# Averaging

The operation of calculating the mean values of functions forming part of the structure of differential equations which describe periodic, almost-periodic, and, generally, oscillating processes. The operation of averaging can be considered as a type of smoothing operator. Averaging methods first came into use in celestial mechanics in the study of planetary motion around the Sun. Later, they propagated to a wide variety of areas: to the theory of non-linear oscillations, to physics, to the theory of automatic control, to astrodynamics, and to others. Averaging methods have often provided approximate solutions for the initial equations. The most typical classes of differential equations for which averaging methods are used are the following.

1) Standard systems in the sense of N.N. Bogolyubov

$$\tag{1} \frac{dx}{dt} \ = \ \mu X(x,\ t,\ \mu ),$$

where $x,\ X$ are vectors, $t$ is the time, and $\mu$ is a small positive parameter.

2) Multi-frequency autonomous $2 \pi$- periodic systems

$$\tag{2} \left . { \frac{dx}{dt} \ = \ \mu X(X,\ y), \atop \frac{dy}{dt} \ = \ \omega (x) + \mu Y(x,\ y),}\right \}$$

where $x,\ y,\ X,\ Y$ are vectors,

$$X(x,\ y + (2 \pi )) \ \equiv \ X(x,\ y),\ \ Y(x,\ y + (2 \pi )) \ \equiv \ Y(x,\ y),$$

and $\omega (x)$ is the frequency vector.

3) Multi-frequency non-autonomous systems

$$\tag{3} \left . { \frac{dx}{dt} \ = \ \mu X(x,\ y,\ t), \atop \frac{dy}{dt} \ = \ \omega (x,\ y,\ t) + \mu Y(x,\ y,\ t).}\right \}$$

Instead of the systems (1)–(3), "simpler" averaged systems of a first approximation are considered:

$$\tag{1'} \frac{d \mathbf x}{dt} \ = \ \mu \mathbf X _ {0} ( \mathbf x ) ;$$

$$\tag{2'} \left . { \frac{d \mathbf x}{dt} \ = \ \mu \mathbf X _ {1} ( \mathbf x ), \atop \frac{d \mathbf y}{dt} \ = \ \omega ( \mathbf x );} \right \}$$

$$\tag{3'} \left . { \frac{d \mathbf x}{dt} \ = \ \mu \mathbf X _ {2} ( \mathbf x ,\ x _ {0} ,\ y _ {0} ,\ t), \atop \frac{d \mathbf y}{dt} \ = \ \omega ( \mathbf x ,\ \mathbf y ,\ t),} \right \}$$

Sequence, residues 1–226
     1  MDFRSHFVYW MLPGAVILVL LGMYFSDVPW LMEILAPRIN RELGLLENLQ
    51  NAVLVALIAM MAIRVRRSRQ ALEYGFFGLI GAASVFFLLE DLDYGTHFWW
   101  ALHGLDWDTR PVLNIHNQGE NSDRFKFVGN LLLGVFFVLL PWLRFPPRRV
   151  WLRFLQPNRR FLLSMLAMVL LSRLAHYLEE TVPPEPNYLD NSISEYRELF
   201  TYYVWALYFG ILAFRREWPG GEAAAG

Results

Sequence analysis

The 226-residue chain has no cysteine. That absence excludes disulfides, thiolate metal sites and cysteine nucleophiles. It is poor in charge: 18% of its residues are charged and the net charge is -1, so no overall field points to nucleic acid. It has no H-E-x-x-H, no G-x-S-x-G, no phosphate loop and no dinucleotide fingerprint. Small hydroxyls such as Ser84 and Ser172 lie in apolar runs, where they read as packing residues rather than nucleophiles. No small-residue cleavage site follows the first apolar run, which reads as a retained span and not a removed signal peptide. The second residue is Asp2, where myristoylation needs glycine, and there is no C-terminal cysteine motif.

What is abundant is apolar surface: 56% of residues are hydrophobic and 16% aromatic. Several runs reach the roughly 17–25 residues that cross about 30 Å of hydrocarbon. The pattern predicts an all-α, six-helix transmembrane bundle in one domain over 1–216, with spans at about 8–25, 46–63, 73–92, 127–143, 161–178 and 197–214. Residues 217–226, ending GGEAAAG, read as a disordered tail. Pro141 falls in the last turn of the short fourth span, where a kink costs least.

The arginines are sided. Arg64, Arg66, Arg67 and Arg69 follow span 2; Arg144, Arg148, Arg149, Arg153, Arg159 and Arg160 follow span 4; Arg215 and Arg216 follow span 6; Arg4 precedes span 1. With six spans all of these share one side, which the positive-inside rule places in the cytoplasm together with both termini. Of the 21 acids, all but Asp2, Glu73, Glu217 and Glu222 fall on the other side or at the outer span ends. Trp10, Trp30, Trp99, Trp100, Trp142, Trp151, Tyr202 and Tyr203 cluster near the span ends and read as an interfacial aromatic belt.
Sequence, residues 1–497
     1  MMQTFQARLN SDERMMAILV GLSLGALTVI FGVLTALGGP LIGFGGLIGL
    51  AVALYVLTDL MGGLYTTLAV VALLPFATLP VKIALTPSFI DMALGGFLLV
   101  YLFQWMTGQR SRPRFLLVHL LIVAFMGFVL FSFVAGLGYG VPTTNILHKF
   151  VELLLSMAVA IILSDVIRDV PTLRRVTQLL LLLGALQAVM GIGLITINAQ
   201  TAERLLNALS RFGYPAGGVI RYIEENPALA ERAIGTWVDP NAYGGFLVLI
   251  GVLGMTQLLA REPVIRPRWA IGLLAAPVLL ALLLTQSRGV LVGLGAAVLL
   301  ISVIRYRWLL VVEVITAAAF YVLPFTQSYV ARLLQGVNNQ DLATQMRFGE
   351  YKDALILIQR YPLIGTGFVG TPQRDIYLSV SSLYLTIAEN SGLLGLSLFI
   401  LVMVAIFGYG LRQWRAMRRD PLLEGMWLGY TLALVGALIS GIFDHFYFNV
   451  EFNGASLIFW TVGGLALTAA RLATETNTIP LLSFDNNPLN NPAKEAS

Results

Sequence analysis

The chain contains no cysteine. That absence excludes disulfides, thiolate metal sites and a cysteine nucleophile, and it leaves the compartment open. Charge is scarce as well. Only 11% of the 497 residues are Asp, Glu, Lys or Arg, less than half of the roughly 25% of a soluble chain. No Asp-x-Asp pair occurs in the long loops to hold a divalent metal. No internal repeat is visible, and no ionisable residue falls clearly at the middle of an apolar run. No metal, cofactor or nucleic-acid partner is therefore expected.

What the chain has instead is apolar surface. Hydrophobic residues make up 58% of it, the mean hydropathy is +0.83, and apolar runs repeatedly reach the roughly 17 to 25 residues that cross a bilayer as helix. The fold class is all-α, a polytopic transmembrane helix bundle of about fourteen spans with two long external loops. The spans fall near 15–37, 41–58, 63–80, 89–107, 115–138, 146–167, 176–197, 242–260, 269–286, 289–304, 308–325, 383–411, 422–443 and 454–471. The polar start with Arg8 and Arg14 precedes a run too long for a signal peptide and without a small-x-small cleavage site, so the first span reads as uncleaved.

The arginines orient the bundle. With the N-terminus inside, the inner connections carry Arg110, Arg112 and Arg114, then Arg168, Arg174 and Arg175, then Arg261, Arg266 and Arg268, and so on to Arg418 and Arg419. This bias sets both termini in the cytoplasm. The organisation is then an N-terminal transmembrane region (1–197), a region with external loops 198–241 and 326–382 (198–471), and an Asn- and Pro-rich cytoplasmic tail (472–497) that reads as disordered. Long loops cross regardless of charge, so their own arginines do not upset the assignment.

where

$$\tag{4} \mathbf X _ {0} ( \mathbf x ) \ = \ \lim\limits _ {T \rightarrow \infty} \ \frac{1}{T} \int\limits _ { 0 } ^ T X( \mathbf x ,\ t,\ 0) \ dt,$$

$$\tag{5} \mathbf X _ {1} ( \mathbf x )\ =$$

$$= \ \frac{1}{(2 \pi ) ^ n} \int\limits _ { 0 } ^ {2 \pi} \dots \int\limits _ { 0 } ^ {2 \pi} X( \mathbf x ,\ y _ {1} \dots y _ {n} ) \ dy _ {1} \dots dy _ {n} ,$$

$$\tag{6} \mathbf X _ {2} ( \mathbf x ,\ x _ {0} ,\ y _ {0} ,\ t _ {0} )\ =$$

$$= \ \lim\limits _ {T \rightarrow \infty} \ \frac{1}{T} \int\limits _ {t _ 0} ^ {t _ {0} + T} X( \mathbf x ,\ \phi (x _ {0} ,\ y _ {0} ,\ t _ {0} ,\ t),\ t) \ dt.$$

The formulas (4)–(6) express the most widespread averaging methods.

Formula (6) expresses the scheme of averaging "along the generating solution" . In the function $X(x,\ y,\ t)$, the vector $y$ is initially substituted by the generating solution of the system

$$\frac{dx}{dt} \ = \ 0,$$

$$\frac{dy}{dt} \ = \ \omega (x,\ y,\ t),$$

after which the integral average (6) is calculated.

The principal question which arises when the systems (1)–(3) are changed is the construction of $\epsilon$- estimates for the norms

$$\| x(t,\ \mu ) - \mathbf x (t,\ \mu ) \| ,\ \ \| y(t,\ \mu ) - \mathbf y (t,\ \mu ) \|$$

on the largest possible interval (of order $1/ \mu$) of time, if

$$x(0,\ \mu ) \ = \ \mathbf x (0,\ \mu ),\ \ y(0,\ \mu ) \ = \ \mathbf y (0,\ \mu ).$$

This is the essence of the problem of averaging methods. For systems (1), this problem of averaging methods was proposed by Bogolyubov, whose results formed the basis of the modern algorithmic theory of ordinary differential equations.

How to Cite This Entry:
Averaging. Encyclopedia of Mathematics. URL: http://encyclopediaofmath.org/index.php?title=Averaging&oldid=44385
This article was adapted from an original article by E.A. Grebenikov (originator), which appeared in Encyclopedia of Mathematics - ISBN 1402006098. See original article